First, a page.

U.S., Canadian women to face off for gold medal
By Steve Rosenbloom, Chicago Tribune
Posted: Sun February 15, 1998 at 7:03 AM ET
NAGANO, Japan (KRT) -- Both sides are saying hate is too strong a sentiment.
If only they could act like they mean it.
And so, amid bad words and bad blood, the U.S. and Canadian women's Olympic hockey teams will face off for the gold medal Tuesday, a contest recently jolted by charges of indecent behavior.
After the United States launched a stunning six-goal comeback to beat Canada 7-4 in the final round robin contest Saturday, U.S. forward Sandra Whyte sparked a messy scene with Canadian forward Danielle Goyette by pointing at Goyette and making a nasty remark -- in the handshake line, of all places.
Canadian coach Shannon Miller, who summoned U.S. captain Cammi Granato to the bench to discuss the matter after the game, told the Canadian Broadcasting Co. that "a U.S. player said something about Goyette's father. It was uncalled for and Goyette started bawling. That was a big mistake."
Goyette, who refused media requests Sunday, lost her father, Henri-Paul Goyette, 77, two days before the Nagano Games began after suffering from Alzheimer's disease.
Whyte, who refused to address the issue after Saturday night's game, admitted Sunday she said something, but not that.
"Nothing was said about her father," Whyte said. "We have the deepest sympathy for her. It's very difficult for her to be here."
A USA Hockey spokesperson said Saturday night that Whyte admitted that she cursed at Goyette.
"No, I did not," said Whyte, who refused to repeat what she said to Goyette, further muddling the USA Hockey claim that it was all a misunderstanding. "It's not appropriate for me to repeat."
Whyte said she doesn't feel the need to apologize, but expressed regret.
"Of course I do," she said. "I think anytime something is said in the heat of the game, then afterwards it's regrettable. But it happens all over the ice, all through the game."
Maybe it was a misunderstanding, maybe not. Only the two women involved know for sure, and about the only thing we know about this latest version of "she said/she said" is that it captures the depth of the animosity between these teams, especially after they played a 13-game pre-Olympic tour the last five months.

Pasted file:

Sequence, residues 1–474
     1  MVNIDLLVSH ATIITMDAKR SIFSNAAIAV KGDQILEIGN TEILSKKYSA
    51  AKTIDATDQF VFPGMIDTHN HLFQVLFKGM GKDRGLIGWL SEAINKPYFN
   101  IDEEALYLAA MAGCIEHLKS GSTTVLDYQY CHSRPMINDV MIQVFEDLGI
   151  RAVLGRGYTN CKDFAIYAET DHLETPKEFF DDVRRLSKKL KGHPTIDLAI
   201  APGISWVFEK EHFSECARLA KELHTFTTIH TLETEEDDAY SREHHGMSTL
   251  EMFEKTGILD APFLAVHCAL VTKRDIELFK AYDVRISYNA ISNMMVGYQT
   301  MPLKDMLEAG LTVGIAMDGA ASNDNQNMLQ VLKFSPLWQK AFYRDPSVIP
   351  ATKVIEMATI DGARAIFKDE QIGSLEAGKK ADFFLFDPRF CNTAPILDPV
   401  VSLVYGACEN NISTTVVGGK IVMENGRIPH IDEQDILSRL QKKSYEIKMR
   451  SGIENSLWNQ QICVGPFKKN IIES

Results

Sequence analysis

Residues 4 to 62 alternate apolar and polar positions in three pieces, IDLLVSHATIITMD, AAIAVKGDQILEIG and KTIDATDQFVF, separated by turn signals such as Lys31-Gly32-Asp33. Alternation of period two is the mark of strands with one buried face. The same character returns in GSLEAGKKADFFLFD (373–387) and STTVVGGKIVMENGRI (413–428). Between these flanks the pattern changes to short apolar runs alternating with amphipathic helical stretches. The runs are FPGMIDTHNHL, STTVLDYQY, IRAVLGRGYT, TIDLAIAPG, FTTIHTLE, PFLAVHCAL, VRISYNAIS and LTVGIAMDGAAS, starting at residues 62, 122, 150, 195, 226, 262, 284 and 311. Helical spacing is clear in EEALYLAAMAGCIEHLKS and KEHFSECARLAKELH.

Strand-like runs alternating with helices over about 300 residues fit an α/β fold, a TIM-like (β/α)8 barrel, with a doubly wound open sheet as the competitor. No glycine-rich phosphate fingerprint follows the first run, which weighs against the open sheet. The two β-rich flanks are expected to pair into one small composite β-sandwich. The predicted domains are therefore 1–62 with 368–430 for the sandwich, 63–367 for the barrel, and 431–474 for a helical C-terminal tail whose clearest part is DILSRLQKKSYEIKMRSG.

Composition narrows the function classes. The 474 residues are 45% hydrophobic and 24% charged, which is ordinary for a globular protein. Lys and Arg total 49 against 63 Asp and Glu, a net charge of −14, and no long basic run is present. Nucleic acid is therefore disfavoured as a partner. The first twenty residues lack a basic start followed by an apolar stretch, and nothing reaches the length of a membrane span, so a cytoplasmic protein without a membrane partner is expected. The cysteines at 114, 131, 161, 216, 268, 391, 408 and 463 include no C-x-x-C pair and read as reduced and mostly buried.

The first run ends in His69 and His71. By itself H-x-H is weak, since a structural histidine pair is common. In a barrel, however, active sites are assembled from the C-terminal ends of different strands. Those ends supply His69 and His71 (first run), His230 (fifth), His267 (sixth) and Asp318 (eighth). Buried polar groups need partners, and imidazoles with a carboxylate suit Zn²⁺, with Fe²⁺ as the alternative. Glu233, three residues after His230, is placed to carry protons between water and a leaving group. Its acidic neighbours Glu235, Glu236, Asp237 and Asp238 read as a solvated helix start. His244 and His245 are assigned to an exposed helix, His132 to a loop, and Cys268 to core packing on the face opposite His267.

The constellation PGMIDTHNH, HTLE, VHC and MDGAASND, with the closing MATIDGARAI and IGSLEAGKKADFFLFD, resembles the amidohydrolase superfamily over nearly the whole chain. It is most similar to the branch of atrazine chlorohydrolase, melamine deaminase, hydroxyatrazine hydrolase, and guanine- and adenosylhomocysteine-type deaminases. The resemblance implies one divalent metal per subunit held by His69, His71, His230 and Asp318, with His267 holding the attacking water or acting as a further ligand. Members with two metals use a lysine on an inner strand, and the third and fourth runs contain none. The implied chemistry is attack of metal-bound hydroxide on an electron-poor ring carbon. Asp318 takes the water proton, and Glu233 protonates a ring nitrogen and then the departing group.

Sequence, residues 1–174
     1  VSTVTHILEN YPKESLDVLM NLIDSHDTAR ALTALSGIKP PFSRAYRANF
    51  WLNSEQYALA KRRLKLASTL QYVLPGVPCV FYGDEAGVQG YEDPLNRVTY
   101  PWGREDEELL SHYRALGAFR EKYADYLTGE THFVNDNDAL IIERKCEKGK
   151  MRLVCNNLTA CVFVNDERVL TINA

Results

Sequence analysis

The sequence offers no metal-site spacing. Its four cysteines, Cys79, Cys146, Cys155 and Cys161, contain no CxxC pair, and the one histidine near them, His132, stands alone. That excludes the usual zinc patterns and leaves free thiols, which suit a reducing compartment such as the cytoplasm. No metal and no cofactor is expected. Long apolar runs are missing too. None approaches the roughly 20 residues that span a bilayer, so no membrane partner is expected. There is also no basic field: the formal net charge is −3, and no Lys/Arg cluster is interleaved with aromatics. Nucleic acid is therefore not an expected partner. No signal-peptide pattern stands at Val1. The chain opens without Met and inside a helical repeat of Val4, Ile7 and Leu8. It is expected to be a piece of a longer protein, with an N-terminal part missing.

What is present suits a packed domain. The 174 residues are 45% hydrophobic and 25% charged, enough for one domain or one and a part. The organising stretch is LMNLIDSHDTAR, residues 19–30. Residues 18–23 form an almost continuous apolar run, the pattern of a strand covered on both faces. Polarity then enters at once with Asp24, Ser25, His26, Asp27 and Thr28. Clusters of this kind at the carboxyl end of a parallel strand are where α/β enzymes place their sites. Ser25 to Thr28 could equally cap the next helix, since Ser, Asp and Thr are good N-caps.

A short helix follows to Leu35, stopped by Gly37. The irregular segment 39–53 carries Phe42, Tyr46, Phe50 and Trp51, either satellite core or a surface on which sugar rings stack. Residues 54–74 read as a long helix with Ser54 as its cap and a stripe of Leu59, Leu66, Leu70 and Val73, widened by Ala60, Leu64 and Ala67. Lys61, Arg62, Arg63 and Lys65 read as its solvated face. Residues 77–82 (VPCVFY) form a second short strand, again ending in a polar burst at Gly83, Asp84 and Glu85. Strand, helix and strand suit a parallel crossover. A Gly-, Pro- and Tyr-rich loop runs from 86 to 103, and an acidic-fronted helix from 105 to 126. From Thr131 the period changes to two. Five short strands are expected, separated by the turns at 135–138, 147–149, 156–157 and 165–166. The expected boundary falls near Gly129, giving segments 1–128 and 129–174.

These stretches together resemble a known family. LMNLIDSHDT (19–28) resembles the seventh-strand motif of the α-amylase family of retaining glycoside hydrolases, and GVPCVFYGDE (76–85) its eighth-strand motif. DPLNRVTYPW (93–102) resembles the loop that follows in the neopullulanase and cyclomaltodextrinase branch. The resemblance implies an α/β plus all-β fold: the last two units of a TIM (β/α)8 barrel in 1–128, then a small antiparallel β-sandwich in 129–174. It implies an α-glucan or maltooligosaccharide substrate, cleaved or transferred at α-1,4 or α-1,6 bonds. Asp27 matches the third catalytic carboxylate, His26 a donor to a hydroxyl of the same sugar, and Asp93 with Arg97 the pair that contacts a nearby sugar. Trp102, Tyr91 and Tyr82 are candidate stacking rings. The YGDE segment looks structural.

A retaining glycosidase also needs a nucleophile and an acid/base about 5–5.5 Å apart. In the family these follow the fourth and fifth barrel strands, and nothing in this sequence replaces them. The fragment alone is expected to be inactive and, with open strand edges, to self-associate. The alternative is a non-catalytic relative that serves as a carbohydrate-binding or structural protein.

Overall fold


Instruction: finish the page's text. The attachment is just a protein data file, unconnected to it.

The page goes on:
"We've seen so much of Canada," U.S. women's coach Ben Smith said, "we see them in our sleep."
See them everywhere, actually. They always seemed to stay at the same hotels during their pre-Olympic tour. Always seem to have lockers next to each other, too, which is also the case here. And it even extends to the Olympic Village, where the tower housing the U.S. athletes is next to the Canadian wing.
"I know a couple of the players, but I don't go any further than 'Hi,'" U.S. forward Shelley Looney said. "I don't sit down and say, 'What'd you do yesterday?' But we're not going to start a scuffle in the middle of the hallway."
You never know.
"I respect them," Canada's star forward Hayley Wickenheiser said, "but I don't like them."
Right back at you, Wick.
"Until this is over," U.S. center A.J. Mleczko said, "I wouldn't go, 'Hi, how ya' doing? I'm A.J. Let's go get something to drink.' I don't know if I would do it afterward.
"We have some serious history with them. I've been on the U.S. national team since '95 and all we've ever won are silver medals until the Three Nations Cup in December."
A watershed development, indeed. The United States not only beat Canada for the first time in any tournament, but the Yanks shut them out 3-0 in the championship game.
Oh say can you see the gold medal?
"That was the first time they had to hear the Star-Spangled Banner on the medal stand," Mleczko said.
Then came Saturday night, when the teams hit the Nagano ice -- and each other -- to the tune of 48 minutes in penalties, including a 10-minute misconduct for checking from behind and a double-minor for high-sticking, both committed by U.S. players.
"We've played 14 games against them and they were all very physical," said U.S. defenseman Vicki Movsessian, who got the high-sticking penalties for jabbing Goyette in the neck. "But the stakes are a little bit higher now and we're fighting for our country, so obviously the game's going to pick up."
The teams will go into Tuesday's gold medal game having beaten the other seven times with the Americans holding 44-41 edge in goals. It couldn't be more even. Couldn't be simpler, too.
"I'm from the United States," U.S. defenseman Tara Mounsey said. "They're from Canada. We want to beat them. It doesn't get anymore black and white than that."
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